- Encourage students to each come up with a design plan before beginning robot assembly—especially if they plan to construct their own chassis. This might include a labeled drawing of the proposed design.
- How Stuff Works provides a good introduction to robotics at its “How Robots Work” page at http://science.howstuffworks.com/robot.htm.
- Suggest that students watch the (4:39 minute) “How It’s Made Robotic Arms” video at https://www.youtube.com/watch?v=rf2zkWSaUY8.
- Refer to the RedBot Assembly Guide for how to assemble the RedBot kit hardware; see https://learn.sparkfun.com/tutorials/redbot-assembly-guide.
Have students take out their RedBot kits, batteries and jumper wires. Have students begin by connecting the external battery pack to the mainboard. Then attach the motors to the mainboard as shown in Figure 1 These steps—and more—are outlined in the SparkFun RedBot Assembly Guide.
Once motors are connected, use a standard USB cable to connect the mainboard to a computer with the Arduino IDE software installed.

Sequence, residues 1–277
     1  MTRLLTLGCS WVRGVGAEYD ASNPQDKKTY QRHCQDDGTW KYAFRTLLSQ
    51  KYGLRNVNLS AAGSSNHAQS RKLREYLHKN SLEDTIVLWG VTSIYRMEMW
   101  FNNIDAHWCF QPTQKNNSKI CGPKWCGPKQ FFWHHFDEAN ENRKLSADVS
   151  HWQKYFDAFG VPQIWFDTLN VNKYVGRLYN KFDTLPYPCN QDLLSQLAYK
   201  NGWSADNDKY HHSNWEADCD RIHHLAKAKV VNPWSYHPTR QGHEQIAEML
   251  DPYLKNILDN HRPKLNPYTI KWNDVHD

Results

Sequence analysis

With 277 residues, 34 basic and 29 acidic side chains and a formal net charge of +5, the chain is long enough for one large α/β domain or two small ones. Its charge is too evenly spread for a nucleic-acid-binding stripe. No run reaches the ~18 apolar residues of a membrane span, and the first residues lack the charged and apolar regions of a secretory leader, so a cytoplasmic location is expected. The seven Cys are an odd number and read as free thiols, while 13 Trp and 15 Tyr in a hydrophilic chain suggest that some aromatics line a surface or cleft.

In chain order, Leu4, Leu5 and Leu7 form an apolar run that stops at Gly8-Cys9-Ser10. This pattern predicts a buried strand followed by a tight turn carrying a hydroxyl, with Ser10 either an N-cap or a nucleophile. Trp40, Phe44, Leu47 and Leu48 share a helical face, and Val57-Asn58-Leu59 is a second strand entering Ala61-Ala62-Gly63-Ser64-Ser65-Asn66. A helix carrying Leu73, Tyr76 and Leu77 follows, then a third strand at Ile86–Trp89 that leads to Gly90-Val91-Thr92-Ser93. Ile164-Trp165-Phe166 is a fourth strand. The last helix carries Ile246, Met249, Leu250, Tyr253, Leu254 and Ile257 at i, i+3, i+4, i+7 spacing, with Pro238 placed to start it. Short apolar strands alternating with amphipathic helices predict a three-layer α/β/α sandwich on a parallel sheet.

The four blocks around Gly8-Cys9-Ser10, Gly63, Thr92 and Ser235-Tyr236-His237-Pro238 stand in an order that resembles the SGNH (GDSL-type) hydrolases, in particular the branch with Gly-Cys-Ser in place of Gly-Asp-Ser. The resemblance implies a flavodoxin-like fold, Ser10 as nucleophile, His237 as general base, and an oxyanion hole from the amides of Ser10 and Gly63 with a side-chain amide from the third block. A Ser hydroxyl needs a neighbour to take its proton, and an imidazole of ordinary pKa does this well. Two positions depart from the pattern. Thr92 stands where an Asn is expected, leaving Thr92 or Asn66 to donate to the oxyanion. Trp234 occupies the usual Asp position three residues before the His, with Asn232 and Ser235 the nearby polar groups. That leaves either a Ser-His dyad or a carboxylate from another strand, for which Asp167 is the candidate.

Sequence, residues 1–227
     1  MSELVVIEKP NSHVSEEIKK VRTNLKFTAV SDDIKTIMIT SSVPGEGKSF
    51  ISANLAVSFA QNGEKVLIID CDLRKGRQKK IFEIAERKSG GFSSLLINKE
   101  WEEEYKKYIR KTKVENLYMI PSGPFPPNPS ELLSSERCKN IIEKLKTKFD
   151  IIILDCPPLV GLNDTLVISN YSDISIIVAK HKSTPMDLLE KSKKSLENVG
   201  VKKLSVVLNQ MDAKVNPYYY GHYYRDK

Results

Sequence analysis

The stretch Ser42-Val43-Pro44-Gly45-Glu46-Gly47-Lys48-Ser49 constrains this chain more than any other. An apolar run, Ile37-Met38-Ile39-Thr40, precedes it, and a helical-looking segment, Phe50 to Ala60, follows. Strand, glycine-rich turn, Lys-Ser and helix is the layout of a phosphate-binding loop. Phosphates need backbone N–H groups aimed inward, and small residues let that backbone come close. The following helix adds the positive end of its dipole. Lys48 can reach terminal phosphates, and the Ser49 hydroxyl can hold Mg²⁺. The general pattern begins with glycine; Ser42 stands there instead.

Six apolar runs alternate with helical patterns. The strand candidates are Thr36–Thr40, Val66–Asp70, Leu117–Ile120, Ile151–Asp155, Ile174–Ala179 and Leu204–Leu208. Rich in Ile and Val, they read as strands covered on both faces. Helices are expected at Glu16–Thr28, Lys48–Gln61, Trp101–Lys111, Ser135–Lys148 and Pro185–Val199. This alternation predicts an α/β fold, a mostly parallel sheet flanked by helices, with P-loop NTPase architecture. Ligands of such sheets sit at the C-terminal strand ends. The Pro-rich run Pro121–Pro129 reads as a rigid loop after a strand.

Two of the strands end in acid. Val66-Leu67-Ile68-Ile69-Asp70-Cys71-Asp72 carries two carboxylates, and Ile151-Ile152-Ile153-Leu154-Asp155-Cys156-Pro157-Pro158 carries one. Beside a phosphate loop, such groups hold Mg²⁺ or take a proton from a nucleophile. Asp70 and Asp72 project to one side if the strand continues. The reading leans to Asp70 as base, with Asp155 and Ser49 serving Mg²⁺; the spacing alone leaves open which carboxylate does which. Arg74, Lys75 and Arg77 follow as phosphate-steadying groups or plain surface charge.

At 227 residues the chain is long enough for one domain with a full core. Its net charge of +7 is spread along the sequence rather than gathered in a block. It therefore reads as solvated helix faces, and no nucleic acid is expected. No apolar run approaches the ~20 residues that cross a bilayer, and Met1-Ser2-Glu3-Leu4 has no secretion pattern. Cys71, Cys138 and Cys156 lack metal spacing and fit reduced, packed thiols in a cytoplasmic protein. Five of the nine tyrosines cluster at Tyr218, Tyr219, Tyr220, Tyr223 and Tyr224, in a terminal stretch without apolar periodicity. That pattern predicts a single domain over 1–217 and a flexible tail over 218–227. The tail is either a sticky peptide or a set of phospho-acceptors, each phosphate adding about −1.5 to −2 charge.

See Figure 2 for the base code used in this maker challenge. When run, this code causes the RedBot motors to spin for two seconds. Copy this code into an Arduino IDE sketch and save it.
Understanding the Code
The provided base code (see Figure 2) consists of just a few lines. Explanation by line:
- Line 2: (#include <RedBot.h>)—Calls a reference library RedBot.h, which contains prewritten code commands for the RedBot.
- Line 4: (RedBotMotors motors;)—Declares the RedBot object known as motors, which enables us to control the motors.
- Line 8: (motors.drive(255);)—Issues the commands that drive the motors. The value 255 in the motors.drive() function is the drive power. This value may range from -255 to 255. Switching from a positive to negative integer causes the motor to spin in the opposite direction.
- Line 9: (delay(2000);)—Specifies the length of time that the drive command runs. The unit is milliseconds, so the length of time specified in the code is two seconds (2000 ms/1000 ms * s-1).
- Line 10: (motors.brake();)—Tells the motors to brake abruptly after the drive command is completed.
- Lines 6 and 12: (void setup() and void loop())—Begin and end the program loop.
Once the RedBots are linked to computers, have students execute the code. If the motors are oriented as shown in Figure 3, then the right motor spins clockwise and the left motor spins counter-clockwise.
If the RedBot does not work as expected, check the following:
- Check the code for syntax errors. Pay careful attention to punctuation, spelling, spacing and capitalization!
- Check that the POWER is set to ON.
- Make sure that the XBEE_HW_SERIAL switch is in the down position pointed toward XBEE SW SERIAL; this is for advanced wireless control that we use later.